Runcorn Hill Park


Runcorn Hill Park is a substantial public open space in Halton Borough, containing a wide variety of spaces and providing a rich recreational and educational resource for the local community. Donald Insall Associates initially prepared a Conservation Management Plan, which identified the potential of the park and linked the fragmented arrangement with a revised landscaping scheme while demonstrating how improved infrastructure and park facilities will provide an enjoyable and relaxing environment. It also emphasised the importance of the provision of educational opportunities. We were subsequently commissioned to prepare designs for three buildings under the HLF ‘Parks for People’.

We designed a new park pavilion with visitor facilities and a cafe to provide the central focus and link the new landscaping proposals and pathways to the park, heathland and beyond. Renovation of an existing unused building into a model boat club provided facility to the lake, and refurbishment of an existing building in order to provide a bowling pavilion created a focal point to the north of the park. These new additions would be linked with a network of new pathways and landscaping.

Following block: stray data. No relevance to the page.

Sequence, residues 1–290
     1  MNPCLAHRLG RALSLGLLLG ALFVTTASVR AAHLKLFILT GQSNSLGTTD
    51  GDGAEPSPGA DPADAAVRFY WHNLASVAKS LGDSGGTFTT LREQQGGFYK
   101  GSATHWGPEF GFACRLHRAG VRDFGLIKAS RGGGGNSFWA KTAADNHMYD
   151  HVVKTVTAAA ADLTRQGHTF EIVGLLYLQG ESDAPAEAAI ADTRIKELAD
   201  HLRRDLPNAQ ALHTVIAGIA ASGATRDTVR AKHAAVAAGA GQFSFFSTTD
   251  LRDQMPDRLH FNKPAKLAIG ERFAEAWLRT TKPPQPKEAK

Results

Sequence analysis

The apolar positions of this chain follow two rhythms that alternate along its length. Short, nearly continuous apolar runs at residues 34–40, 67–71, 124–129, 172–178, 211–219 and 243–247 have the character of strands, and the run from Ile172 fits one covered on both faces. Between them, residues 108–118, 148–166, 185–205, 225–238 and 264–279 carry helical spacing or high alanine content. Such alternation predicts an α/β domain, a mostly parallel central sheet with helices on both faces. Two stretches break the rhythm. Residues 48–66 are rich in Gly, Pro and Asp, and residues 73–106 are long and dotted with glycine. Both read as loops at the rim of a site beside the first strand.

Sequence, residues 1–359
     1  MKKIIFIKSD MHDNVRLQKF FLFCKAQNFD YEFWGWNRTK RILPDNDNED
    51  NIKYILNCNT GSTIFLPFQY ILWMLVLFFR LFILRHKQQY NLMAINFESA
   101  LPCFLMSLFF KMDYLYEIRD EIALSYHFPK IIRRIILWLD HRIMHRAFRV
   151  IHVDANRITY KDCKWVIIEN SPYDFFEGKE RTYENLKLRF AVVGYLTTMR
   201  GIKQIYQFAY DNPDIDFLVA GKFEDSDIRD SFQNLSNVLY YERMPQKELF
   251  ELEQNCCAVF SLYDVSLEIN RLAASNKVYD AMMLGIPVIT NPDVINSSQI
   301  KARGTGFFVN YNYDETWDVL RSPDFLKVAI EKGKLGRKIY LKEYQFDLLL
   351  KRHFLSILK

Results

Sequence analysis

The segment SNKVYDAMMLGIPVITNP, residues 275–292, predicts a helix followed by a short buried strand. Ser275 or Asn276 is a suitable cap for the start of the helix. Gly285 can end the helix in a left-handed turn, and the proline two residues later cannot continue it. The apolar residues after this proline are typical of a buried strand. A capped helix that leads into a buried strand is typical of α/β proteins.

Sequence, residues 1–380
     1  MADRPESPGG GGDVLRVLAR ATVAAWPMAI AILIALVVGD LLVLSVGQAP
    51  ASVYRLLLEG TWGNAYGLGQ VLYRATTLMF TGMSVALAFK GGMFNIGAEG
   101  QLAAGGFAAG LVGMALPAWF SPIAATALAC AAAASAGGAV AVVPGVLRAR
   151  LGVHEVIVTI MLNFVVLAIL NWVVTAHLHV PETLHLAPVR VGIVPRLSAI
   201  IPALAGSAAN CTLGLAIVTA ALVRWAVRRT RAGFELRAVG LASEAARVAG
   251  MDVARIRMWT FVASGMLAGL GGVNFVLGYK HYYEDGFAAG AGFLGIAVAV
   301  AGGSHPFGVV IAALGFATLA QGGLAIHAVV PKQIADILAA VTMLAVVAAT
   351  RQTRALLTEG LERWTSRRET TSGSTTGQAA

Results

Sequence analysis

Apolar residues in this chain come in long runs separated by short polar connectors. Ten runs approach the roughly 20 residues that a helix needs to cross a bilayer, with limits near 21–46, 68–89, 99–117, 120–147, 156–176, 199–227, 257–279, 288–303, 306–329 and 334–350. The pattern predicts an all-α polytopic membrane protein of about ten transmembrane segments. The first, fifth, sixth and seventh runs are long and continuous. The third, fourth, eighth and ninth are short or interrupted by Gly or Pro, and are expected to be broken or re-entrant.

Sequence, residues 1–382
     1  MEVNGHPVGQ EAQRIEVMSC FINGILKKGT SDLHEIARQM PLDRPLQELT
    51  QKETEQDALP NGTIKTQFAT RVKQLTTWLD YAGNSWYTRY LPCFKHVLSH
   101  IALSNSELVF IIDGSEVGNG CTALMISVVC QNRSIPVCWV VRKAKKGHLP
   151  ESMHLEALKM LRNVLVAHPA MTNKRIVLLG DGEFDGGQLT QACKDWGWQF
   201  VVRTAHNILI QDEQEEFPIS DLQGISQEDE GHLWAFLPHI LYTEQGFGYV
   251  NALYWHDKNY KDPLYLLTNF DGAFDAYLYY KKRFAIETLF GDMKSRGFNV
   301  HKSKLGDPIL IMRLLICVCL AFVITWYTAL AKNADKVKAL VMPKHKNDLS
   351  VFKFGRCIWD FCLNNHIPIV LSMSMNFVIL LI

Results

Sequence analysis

The Main Park Pavilion utilises a simple and robust palate of materials. We utilised cedar cladding with integral external sliding and hinged shutters which fold back into the fabric of the building so as to facilitate this dual aesthetic. A cedar shingle roof tops the front double-height space, which contains the main cafe space, which doubles use as a community space in the evenings. Heating is provided by a mixture of highly efficient convection heaters to the back of the house and underfloor heating to the public areas. The building also incorporates a rainwater-harvesting system, which uses rainwater to supplement the WCs.


It is a great great feature and somewhere for people to relax before or after enjoying everything else the park has to offer. Through the project we aim to make Runcorn Hill a destination for events and activities local families can get involved in, and at the same time preserve an important local site.

Counsillor Hignett
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